Subscribers to older feature phones won’t see much difference in service because the bands will primarily be used to improve the performance for smartphone devices that send and receive lots of data or Internet traffic – but that’s a customer description fast-becoming the norm.

Who owns it?

You do. Radio spectrum is a public resource managed by the Government of Canada, which for decades has issued licences to private-sector companies as well as the Canadian Broadcasting Corp to broadcast the news as well as entertainment with the goal of informing the electorate and fostering a common cultural bond.

Why is Ottawa selling it now?

Television broadcasters like Global, CTV and CBC are moving over to all-digital transmission, a process first started 2011. The switch has meant TV broadcasters have vacated the radio spectrum they formerly broadcast programming over in the 700Mhz bands. Those bands were picked by TV companies for a reason – they’re ideal for travelling long distances as well as moving through barriers like wall more easily than higher frequencies do.

Now, cellphone firms can use those frequencies to quickly deliver mobile data services on the same premise.

Who is buying it?

The country’s dominant wireless firms – Rogers, Bell and Telus – are all lined up to carve up three quarters of the ‘prime’ blocks of spectrum up for sale. Regional operators MTS (Manitoba), SaskTel (Saskatchewan), EastLink (Atlantic Canada) and Videotron (Quebec) have been given access to acquire a fourth prime block which will allow each to better compete for customers with the far bigger three.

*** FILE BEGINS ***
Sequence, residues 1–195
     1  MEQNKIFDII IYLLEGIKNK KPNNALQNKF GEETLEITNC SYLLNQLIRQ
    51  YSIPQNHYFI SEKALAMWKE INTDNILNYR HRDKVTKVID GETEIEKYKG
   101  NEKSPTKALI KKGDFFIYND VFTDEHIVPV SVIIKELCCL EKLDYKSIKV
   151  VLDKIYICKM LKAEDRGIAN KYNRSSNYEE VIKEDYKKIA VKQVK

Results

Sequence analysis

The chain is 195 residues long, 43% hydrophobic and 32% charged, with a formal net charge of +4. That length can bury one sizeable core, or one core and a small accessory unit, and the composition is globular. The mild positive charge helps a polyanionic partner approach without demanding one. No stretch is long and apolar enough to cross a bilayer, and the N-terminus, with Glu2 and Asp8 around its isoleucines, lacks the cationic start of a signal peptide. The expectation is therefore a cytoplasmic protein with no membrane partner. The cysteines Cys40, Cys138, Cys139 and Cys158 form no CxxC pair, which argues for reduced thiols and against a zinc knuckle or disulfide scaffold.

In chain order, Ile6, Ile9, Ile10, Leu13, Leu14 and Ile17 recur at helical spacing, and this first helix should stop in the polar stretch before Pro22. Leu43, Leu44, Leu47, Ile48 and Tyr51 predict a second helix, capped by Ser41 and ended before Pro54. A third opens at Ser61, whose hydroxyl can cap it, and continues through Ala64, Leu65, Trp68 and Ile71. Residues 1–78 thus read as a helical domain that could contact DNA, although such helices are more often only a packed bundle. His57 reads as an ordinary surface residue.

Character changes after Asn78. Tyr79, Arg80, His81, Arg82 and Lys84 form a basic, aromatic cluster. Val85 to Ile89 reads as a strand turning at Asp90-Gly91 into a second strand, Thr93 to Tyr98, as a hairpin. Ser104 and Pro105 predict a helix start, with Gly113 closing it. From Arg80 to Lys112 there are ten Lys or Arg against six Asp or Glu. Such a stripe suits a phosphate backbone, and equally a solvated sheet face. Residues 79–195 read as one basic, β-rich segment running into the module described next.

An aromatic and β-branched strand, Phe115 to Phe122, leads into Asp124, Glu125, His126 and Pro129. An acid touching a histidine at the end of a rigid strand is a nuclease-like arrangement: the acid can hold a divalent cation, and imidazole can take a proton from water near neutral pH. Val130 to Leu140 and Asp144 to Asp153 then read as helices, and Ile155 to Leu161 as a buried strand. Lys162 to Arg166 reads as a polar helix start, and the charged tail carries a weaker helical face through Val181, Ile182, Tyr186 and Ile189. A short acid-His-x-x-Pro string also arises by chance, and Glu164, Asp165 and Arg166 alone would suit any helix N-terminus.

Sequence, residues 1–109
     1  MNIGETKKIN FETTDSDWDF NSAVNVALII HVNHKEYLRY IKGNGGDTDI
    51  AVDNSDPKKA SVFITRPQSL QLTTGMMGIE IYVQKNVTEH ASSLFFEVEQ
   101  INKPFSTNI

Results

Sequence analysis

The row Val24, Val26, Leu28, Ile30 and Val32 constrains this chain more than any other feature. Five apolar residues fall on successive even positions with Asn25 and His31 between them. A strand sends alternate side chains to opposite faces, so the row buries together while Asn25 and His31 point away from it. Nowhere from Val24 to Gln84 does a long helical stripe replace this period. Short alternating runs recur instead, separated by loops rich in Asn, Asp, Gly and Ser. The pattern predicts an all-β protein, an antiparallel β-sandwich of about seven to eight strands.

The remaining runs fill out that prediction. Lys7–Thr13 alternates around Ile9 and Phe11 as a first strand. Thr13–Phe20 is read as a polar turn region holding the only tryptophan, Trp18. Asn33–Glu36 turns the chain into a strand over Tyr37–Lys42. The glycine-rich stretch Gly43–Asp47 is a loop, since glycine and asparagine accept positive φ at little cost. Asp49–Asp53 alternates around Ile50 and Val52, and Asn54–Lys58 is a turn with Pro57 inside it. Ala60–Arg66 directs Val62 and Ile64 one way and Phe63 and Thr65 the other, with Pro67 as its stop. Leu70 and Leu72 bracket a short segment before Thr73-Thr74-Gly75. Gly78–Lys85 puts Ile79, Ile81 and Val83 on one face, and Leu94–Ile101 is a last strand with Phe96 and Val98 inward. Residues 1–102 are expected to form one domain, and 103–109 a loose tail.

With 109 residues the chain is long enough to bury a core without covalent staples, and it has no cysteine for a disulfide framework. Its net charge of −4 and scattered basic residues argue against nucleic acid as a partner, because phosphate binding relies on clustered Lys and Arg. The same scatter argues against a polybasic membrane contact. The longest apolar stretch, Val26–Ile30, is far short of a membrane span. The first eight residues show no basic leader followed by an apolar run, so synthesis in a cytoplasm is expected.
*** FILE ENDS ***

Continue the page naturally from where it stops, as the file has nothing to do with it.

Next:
A major question mark as of Tuesday is who will fill a void left by Wind Mobile, a new entrant operator who was the biggest competitor to Rogers, Bell and Telus in the major markets of B.C., Alberta and Ontario. Wind backed out of the auction suddenly Monday, saying its financial backer – Amsterdam-based cellphone behemoth VimpelCom – won’t release the funds necessary for Wind to buy more spectrum.

READ MORE: With new entrant signals weakening, what happens to wireless prices? 

Wind’s withdrawl opens up all kinds of questions about the fate of the country’s biggest cellphone markets, not least whether Rogers, Bell and Telus will regain their collective grip over big cities like Toronto, Vancouver and Calgary, an outcome which could have a negative impact on consumer wireless prices.

How much money will be raised by Ottawa?

Good question. Before Wind withdrew, experts estimated that between $1.8-billion and $2.5-billion would be spent collectively by the cellphone companies. That figure is well below the auction proceeds from the previous sale in 2008, which raise more than $4-billion as Wind, Videotron and other new entrants bid to enter the market. With no new players this time around – and now Wind’s sudden departure – the proceeds will be much lower, experts say.

Who gets the cash?

You do. Kind of. The money flows directly back into federal coffers and is used to pay for services, government debt, etc. Here’s how the Feds’ put it: “As has been the case with all previous spectrum auctions, funds generated by the auction will be remitted to the government’s Consolidated Revenue Fund.”